Figure 10
Figure 10. Isolated I2C designed compared: (a) Discrete solution and (b) Integrated solution.

Transient Protection

To allow the isolated interface to operate under the harsh operating conditions found in industrial applications, iCoupler and isoPower isolation technologies provide >25-kV/μs common-mode transient immunity. This specifies the maximum slew rate on the rising and falling edges of the potential difference between primary and isolated sides, ensuring that transients coupled onto the bus will not damage devices connected to the bus or corrupt the transmitted data and enhancing the reliability of the data link.

2.5-kV Isolation Protection and Approvals

The isolated solution specified 2.5-kV rms isolation between the primary and isolated side of the device. This isolation rating ensures that current can’t flow from the primary side to the I2C bus, and that voltages or transients coupled onto the bus won’t reach the logic side. The 2.5-kV isolation protection also means that people and equipment on the logic side are protected from high voltages or transients on the bus side. Approval is pending for the 2.5-kV isolation rating of the ADM3260 at the following agencies: Underwriters Laboratories (UL), Verband Deutscher Elektrotechniker (VDE), and Canadian Standards Association (CSA). UL 1577 approval requires the isolation barrier of all devices to be 100% production tested. The ADM3260 provides:

  • UL recognition
  • 2500 V rms for 1 minute per UL 1577
  • VDE certificate of conformity
  • IEC 60747-5-2 (VDE 0884, Part 2)
  • VIORM = 560 VPEAK
  • CSA Component Acceptance Notice #5A

PCB Layout

Proper PCB layout is critically important to ensure that the specified 2.5-kV isolation is achieved in an actual design. The principal considerations are creepage (shortest distance along the surface between two conductors) and clearance (shortest distance through the air) between the logic-side GND and the bus-side GND. The ADM3260 requires no external circuitry for its logic interfaces. Power-supply bypassing is required at the input and output supply pins, as shown in Figure 11. Further information on PCB layout guidelines for controlling electromagnetic interference (EMI) can be found in AN-0971 Application Note, Recommendations for Control of Radiated Emissions with isoPower Devices.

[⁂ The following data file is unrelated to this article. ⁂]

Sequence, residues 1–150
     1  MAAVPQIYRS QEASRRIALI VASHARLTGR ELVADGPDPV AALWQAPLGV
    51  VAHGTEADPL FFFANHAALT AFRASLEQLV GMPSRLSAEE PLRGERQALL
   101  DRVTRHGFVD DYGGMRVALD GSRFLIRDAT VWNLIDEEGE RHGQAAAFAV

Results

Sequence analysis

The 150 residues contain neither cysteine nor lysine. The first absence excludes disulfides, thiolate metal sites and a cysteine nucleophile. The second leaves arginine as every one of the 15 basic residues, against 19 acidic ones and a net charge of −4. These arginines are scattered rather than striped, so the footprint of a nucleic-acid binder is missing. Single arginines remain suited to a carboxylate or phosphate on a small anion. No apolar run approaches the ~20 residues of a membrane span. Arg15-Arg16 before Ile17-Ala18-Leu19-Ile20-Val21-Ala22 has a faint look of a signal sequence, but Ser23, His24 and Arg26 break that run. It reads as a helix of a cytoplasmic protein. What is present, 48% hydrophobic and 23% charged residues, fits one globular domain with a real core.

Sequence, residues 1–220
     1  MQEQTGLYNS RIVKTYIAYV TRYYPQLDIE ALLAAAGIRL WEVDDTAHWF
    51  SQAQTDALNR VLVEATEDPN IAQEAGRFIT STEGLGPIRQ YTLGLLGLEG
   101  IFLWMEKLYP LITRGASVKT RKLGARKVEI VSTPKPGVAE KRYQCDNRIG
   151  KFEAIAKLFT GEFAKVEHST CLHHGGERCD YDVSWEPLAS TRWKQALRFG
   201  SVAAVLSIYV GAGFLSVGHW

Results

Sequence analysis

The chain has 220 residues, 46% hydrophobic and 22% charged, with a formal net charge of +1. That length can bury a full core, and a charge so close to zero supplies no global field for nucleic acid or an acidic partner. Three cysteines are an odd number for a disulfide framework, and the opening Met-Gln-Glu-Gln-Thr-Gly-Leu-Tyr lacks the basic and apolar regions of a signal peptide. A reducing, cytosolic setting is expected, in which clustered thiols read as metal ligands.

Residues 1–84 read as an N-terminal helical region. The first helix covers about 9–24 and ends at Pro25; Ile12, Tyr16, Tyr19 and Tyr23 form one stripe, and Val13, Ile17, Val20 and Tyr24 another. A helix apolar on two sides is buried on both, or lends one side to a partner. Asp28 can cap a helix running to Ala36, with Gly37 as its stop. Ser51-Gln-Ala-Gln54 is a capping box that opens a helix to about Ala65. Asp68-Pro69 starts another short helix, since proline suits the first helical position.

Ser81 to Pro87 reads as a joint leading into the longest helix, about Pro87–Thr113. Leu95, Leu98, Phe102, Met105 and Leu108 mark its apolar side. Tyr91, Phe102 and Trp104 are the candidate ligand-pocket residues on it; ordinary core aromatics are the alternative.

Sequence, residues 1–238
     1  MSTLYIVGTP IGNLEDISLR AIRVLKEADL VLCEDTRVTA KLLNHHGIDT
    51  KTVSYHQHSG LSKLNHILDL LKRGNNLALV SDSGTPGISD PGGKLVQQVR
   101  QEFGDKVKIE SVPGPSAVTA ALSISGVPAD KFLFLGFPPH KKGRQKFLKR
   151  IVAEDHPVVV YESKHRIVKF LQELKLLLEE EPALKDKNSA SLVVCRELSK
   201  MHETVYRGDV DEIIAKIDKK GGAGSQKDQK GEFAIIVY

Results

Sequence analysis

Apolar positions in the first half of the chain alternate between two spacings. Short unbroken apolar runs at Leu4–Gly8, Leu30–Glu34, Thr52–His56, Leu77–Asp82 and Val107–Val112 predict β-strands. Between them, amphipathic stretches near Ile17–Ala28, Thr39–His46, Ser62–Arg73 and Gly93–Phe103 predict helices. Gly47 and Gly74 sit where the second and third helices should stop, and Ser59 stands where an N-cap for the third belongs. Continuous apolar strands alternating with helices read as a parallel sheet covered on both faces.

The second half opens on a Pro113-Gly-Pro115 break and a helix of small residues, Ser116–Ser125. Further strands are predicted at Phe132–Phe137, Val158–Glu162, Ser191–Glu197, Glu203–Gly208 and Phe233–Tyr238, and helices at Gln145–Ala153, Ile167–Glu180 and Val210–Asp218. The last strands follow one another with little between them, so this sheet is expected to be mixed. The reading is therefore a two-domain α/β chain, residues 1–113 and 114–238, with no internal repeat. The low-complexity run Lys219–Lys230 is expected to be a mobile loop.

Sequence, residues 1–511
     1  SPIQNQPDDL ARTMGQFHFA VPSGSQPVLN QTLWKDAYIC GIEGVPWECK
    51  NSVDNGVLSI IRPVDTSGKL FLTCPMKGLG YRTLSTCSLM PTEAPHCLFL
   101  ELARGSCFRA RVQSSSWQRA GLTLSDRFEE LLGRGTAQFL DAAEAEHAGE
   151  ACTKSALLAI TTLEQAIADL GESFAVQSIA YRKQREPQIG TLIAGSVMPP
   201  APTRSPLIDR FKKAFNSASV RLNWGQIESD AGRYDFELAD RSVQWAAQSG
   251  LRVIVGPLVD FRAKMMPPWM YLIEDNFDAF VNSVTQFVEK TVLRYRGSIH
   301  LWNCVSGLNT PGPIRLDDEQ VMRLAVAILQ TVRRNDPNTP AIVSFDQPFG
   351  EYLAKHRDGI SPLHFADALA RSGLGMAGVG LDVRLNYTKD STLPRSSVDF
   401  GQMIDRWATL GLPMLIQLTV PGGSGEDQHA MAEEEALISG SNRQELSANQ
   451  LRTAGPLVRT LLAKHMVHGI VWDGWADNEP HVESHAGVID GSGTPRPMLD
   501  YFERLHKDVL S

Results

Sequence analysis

Figure 11
Figure 11. ADM3260 recommended printed circuit board layout.

ADM3260 Applications and Benefits

The ADM3260 hot swappable isolator provides both data and power isolation. Two nonlatching, bidirectional communication channels support a complete isolated I2C/PMBus interface, and an integrated dc-to-dc converter provides up to 150 mW of isolated power at 3.15 V to 5.25 V. The bidirectional channels eliminate the need for splitting I2C/PMBus signals into separate transmit and receive signals for use with standalone optocouplers, and the integrated dc-to-dc converter enables a complete isolated I2C/PMBus interface to be implemented in a small form factor. The ADM3260, shown in Figure 12, is available in a 20-lead SSOP package with 5.3-mm creepage, operates from –40°C to +105°C, and is priced at $2.99 in 1000s.

In addition to isolating I2C buses for hot-swappable central-office line cards, the ADM3260 can be used to isolate data-acquisition equipment in harsh industrial environments, to provide power and level translation over Ethernet, and in many other applications.

Figure 12
Figure 12. ADM3260 isolated I2C/PMBus Interface.


Isolated I2C/PMBus links in industrial and instrumentation, telecommunications, and medical applications need to be small, robust, and inexpensive. By integrating chip-scale transformer isolation, a single chip can implement a fully isolated I2C/PMBus data link including isolated power. The ADM3260 hot-swappable, dual I2C isolator with integrated dc-to-dc converter can provide a compact, reliable, low-cost, high-performance solution for these demanding applications while significantly reducing circuit complexity and design time.


I2C Digital Isolators

Digital Isolator Product Selection and Resource Guide

iCoupler® Products with isoPower Technology: Signal and Power Transfer Across Isolation Barrier Using Microtransformers


Maurice O'Brien

Maurice O'Brien

Maurice O’Brien is the director of strategic marketing for industrial automation at Analog Devices. He is responsible for delivering industrial automation focused, system-level solutions. Prior to this role, Maurice spent 3 years working on Industrial Ethernet and 15 years working in applications and marketing roles in power management with Analog Devices. He has a B.Eng. in electronic engineering from the University of Limerick, Ireland.